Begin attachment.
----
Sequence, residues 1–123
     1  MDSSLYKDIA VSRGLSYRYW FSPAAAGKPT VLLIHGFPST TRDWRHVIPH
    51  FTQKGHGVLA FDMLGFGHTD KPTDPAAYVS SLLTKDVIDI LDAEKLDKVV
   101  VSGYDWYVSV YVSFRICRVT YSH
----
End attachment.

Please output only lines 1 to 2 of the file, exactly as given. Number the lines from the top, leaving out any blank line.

Sequence, residues 1–123
     1  MDSSLYKDIA VSRGLSYRYW FSPAAAGKPT VLLIHGFPST TRDWRHVIPH